GDPR Spurs 700% Increase in Data Protection Vacancies

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The number of vacancies for Data Protection Officers (DPOs) has surged by 709% since the rules of the General Data Protection Regulation (GDPR) were ratified nearly two years ago, according to Indeed.

The jobs site claimed in new figures that the nationwide recruitment drive has attracted the attention of job-seekers, with the number of candidates looking for such roles soaring 297% in the same period.

Appointing a Data Protection Officer is a key requirement of the new EU privacy laws and could result in a fine of up to 2% of global annual turnover or €10m, whichever is higher.

You will be required to appoint a DPO if you are a public authority, your core activities require “large scale, regular and systematic monitoring of individuals” or your core activities include “large scale processing of special categories of data or data relating to criminal convictions and offences.”

DPOs are essential to such organizations, responsible for monitoring internal compliance, advising on impact assessments and data protection obligations, and acting act as a contact point for data subjects and the supervisory authority.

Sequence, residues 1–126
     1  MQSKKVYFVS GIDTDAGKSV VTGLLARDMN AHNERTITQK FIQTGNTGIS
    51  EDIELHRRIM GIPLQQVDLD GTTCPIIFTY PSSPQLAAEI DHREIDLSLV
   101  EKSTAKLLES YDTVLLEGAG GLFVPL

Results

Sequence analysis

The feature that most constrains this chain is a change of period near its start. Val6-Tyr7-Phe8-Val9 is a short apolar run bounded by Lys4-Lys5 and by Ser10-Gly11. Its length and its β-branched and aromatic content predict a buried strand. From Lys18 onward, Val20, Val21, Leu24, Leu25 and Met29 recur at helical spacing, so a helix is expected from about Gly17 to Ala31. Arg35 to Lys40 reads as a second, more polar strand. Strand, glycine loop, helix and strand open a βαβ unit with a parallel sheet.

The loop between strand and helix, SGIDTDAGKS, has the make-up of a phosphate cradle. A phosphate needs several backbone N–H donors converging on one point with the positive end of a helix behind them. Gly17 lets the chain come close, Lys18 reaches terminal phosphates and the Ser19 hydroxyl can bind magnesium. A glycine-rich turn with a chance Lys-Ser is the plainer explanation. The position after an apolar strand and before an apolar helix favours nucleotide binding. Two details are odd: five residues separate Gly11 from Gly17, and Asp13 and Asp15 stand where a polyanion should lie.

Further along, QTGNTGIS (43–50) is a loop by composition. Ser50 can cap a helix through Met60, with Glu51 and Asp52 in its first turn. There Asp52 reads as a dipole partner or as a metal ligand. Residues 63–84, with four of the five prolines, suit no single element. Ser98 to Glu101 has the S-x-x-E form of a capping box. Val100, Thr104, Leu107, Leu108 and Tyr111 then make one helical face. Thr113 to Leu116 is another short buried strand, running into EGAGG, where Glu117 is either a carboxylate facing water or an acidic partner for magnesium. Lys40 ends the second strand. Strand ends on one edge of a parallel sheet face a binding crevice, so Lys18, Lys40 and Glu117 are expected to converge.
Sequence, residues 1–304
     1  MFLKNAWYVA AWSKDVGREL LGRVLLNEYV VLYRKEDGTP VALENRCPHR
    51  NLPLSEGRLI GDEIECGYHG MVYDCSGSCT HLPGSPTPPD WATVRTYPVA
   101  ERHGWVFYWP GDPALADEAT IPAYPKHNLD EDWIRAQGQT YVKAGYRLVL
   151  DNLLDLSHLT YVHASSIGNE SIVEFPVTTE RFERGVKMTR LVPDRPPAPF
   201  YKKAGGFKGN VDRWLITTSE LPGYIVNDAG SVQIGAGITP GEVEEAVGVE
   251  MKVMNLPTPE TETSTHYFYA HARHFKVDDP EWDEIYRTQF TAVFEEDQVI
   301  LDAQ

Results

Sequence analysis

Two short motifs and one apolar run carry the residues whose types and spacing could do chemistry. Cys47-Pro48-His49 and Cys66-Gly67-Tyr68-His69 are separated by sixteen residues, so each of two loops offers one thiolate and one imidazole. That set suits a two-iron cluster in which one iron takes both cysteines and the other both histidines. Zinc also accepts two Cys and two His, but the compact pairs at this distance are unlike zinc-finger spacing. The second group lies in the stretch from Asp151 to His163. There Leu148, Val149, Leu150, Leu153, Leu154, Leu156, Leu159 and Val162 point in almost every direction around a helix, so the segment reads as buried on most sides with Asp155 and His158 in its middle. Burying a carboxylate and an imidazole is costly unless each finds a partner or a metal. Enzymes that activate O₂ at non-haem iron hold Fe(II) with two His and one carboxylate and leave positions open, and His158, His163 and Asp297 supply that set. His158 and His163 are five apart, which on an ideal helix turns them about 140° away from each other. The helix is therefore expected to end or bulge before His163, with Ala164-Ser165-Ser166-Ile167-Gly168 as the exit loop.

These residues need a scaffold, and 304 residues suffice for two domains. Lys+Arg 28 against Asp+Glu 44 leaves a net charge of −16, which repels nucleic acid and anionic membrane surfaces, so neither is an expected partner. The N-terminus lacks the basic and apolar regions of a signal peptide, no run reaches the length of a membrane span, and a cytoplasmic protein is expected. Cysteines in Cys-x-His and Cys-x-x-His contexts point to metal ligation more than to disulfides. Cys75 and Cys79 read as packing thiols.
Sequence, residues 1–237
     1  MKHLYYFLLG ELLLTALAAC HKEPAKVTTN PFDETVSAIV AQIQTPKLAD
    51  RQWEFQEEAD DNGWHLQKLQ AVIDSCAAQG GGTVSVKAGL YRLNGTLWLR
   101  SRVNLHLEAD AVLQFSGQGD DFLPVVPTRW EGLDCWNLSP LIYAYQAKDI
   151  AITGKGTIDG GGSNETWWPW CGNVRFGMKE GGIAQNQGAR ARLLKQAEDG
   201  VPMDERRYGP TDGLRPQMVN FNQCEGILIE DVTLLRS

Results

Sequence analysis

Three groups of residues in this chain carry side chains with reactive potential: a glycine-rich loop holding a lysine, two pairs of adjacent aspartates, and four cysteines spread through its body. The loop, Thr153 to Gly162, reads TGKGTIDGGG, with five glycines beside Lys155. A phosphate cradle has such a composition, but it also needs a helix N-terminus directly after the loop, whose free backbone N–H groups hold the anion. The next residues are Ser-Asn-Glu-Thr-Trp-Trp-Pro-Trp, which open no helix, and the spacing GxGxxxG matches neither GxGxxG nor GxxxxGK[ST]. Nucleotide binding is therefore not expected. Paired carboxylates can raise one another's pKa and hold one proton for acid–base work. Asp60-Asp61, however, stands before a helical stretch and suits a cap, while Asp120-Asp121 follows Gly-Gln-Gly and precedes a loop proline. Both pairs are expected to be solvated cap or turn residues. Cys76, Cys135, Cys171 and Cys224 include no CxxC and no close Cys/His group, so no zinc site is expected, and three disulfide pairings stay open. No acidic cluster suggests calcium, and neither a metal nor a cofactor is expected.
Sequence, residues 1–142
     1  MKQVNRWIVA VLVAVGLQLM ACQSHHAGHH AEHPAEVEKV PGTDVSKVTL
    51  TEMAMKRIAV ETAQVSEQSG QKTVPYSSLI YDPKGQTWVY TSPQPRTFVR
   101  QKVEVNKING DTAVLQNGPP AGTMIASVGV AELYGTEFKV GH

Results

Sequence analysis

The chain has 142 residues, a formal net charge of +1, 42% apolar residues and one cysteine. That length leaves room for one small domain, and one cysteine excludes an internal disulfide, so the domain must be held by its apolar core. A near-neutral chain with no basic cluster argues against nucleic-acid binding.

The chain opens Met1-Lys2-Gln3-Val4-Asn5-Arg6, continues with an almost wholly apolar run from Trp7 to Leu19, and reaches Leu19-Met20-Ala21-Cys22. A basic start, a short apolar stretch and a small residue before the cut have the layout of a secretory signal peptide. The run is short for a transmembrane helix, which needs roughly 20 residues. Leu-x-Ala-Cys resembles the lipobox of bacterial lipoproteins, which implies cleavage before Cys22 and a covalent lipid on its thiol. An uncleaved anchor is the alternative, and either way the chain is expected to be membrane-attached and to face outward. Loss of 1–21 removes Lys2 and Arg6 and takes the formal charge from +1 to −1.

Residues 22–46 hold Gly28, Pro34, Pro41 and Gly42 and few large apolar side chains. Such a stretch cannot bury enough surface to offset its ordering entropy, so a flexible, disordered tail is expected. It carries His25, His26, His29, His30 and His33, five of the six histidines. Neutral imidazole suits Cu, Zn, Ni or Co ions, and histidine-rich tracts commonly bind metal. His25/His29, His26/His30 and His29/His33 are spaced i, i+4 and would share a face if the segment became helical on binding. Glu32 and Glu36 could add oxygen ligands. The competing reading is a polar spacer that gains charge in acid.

As highly skilled independent experts in data protection, they command a significant salary, currently standing at an average of £47,483 – nearly double the average UK wage of £27,600, according to Indeed.

With the GDPR compliance deadline of May 25 fast-approaching, one company has launched a virtual DPO service designed to help organizations get in line before the cut-off date.

An outsourced team of cybersecurity and risk mitigation lawyers work alongside ThinkMarble’s in-house security analysts and incident responders to offer bespoke GDPR compliance services to firms.

Research from 2017 found that a fifth (22%) of organizations still hadn’t hired a DPO, and that more than half (52%) of these firms weren’t planning to until the second half of 2018 or beyond.

Information commissioner, Elizabeth Denham, claimed last year: “it’s scaremongering to suggest that we’ll be making early examples of organizations for minor infringements or that maximum fines will become the norm.”

However, the regulator is likely to take a dim view of organizations which haven’t taken the basic step of appointing a DPO before the May deadline.

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